Speaking at the Food Revolution event in Sydney on the weekend, celebrity chef and regulation proponent Jamie Oliver said he believed that soft drinks should attract a 15% tax in Australia.
The World Health Organization has recently called for fructose and sucrose consumption to be cut to only 5% of the total daily energy needs of both adults and children, and for soft drink consumption to be limited. But is a tax on soft drink the solution? Is it legally feasible? And more importantly, would it make any difference?
Have any countries had success with introducing a soft drink tax?
Yes. Last year Mexico introduced a nationwide per-ounce tax on soft drinks, and overall soft drink consumption has fallen since. A city-wide tax on soft drink sales was also introduced in the Californian city of Berkeley in January.
New York City mayor Michael Bloomberg tried to implement a ban on soft drinks over 450 grams but this was overturned by a judge after less than a year.
Similarly, a tax on foods with a fat content of over 2.3% saturated fat was also repealed in Denmark after a year in 2012. Lawmakers attributed the failure of the tax to the close proximity of Germany and Sweden, which did not implement such a tax and subsequently attracted Danish consumers.
What are the health risks associated with regular consumption of soft drinks?
There are a number of health issues associated with consuming drinks with added sugar. These include obesity, type 2 diabetes, some cancers, tooth decay and acid wear. Additionally, Rethink Sugary Drink suggests that one can of soft drink a day can lead to an annual weigh gain of 6.75kg.
Is 15% high enough to encourage people to give up their daily Coke habit?
Jane Martin, the executive manager of Australia’s Obesity Policy Coalition, says research suggests that taxes need to be “high enough to elicit population based behaviour change” and that a 20% tax would be more effective in stopping people from purchasing soft drinks. The coalition would like to see the revenue raised from the tax be used to create more healthy eating programs and improving the affordability of fresh food nationwide.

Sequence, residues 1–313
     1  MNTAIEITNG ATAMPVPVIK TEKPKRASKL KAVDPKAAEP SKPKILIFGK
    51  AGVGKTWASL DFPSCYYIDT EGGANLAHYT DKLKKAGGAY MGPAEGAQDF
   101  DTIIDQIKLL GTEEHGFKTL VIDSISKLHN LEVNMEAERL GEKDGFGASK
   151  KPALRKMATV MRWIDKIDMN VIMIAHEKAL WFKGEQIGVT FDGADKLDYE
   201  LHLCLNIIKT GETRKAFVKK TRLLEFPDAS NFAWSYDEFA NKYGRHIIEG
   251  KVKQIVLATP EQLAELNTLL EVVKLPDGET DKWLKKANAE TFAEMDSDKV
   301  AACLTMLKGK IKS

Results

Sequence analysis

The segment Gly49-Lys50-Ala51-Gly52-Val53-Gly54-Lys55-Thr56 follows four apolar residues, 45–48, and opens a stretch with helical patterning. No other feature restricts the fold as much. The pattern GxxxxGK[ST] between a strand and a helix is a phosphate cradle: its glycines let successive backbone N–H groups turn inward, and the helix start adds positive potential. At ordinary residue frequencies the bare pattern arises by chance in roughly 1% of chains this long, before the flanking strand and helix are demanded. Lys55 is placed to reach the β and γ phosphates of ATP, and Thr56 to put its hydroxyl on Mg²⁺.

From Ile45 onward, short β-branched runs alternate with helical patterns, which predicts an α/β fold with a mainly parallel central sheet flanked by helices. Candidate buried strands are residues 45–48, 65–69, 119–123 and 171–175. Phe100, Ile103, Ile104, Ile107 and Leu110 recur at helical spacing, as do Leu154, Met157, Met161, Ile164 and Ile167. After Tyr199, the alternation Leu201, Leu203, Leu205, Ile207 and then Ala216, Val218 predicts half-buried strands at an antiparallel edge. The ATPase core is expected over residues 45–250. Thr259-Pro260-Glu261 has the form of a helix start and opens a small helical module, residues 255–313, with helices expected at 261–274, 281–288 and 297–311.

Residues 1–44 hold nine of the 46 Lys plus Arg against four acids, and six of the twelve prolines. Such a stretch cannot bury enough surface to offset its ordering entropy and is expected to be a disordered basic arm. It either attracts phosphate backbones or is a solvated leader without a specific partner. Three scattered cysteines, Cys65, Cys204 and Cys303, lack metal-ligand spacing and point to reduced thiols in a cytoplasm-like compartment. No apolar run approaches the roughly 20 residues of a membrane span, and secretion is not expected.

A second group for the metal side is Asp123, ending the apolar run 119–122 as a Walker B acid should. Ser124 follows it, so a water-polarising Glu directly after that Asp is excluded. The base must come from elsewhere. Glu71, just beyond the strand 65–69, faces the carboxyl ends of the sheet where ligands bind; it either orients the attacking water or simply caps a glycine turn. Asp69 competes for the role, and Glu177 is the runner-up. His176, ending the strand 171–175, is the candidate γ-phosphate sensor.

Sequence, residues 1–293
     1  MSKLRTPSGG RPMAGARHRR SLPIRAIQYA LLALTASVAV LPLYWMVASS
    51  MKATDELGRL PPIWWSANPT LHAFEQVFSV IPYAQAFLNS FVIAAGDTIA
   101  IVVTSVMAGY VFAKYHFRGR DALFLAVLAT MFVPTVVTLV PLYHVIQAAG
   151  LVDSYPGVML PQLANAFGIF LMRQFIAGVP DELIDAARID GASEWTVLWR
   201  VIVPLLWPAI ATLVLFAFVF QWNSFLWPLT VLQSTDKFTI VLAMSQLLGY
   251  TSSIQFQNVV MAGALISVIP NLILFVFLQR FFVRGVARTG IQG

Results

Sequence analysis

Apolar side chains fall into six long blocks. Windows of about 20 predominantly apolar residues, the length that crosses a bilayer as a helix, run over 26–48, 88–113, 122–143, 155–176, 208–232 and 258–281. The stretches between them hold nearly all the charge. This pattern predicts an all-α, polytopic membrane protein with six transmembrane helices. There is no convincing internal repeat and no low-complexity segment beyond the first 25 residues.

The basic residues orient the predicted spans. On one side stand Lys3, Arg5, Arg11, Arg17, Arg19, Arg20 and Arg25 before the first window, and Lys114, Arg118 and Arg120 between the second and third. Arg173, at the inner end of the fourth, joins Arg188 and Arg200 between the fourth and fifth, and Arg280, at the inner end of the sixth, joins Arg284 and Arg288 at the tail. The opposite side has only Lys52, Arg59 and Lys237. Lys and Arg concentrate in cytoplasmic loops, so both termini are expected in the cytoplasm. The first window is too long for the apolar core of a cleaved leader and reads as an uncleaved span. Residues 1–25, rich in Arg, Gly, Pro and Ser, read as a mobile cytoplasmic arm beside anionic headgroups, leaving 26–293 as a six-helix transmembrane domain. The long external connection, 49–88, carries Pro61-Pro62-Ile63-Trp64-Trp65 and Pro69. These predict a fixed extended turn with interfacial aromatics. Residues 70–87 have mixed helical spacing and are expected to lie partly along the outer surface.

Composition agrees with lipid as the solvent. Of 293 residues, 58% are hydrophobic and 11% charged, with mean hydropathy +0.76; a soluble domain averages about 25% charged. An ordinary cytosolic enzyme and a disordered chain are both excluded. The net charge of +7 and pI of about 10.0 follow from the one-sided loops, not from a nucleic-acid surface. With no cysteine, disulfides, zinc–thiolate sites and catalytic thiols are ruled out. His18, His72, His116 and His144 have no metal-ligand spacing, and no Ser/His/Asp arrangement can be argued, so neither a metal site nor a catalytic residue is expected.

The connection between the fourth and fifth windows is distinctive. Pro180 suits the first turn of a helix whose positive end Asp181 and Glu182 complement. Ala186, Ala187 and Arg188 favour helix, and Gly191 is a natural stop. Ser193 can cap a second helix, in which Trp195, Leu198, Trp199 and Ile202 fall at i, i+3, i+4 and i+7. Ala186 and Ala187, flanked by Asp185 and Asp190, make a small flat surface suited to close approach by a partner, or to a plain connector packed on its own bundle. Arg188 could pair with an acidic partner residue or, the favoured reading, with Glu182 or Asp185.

If there’s a soft drink tax will people find alternatives?
The proposed tax raises questions about where the line is drawn in terms of sweet beverages. Similar to the unpopular “alcopops” tax, which resulted in an increase in the sale of hard liquor and mixers in lieu of pre-mixed drinks, a soft drink tax could lead to a rise in the sales of cordials and syrups, which could be mixed with untaxed soda water to make fizzy drinks.
Joe Lederman, the managing principal of FoodLegal, a Melbourne-based food regulatory consultancy firm, says the proposed tax is “an untargeted approach”.
Would it be possible to pass such a law?
The issue was not raised in Monday’s taxation white paper and if it were to be introduced on a federal level, it would have to go through the law-making process, where the outcomes can be very hard to predict. The lack of a majority in the Senate might also prove to be a hindrance.
Laws relating to taxation can be more difficult to pass, but like smoking legislation, taxes relating to health are more often than not well received.
How likely is success?
“It hasn’t worked in the past with other products”, Lederman said. He also points out that there is always a “trade-off” between health, trade and environmental organisations, making the tax’s implementation and success a difficult process — either way, someone (and their lobby group) is going to be disappointed.
However, Martin praised Oliver’s attempt to bring awareness to the issue and believes that a soft drink tax “has a lot of potential”. The proposed tax could be used as a starting point for a greater national conversation on health that involves policies such as a mandatory food star rating system and stricter junk food advertising laws.
“Even a small change in behaviour has a major impact on public health”, she said.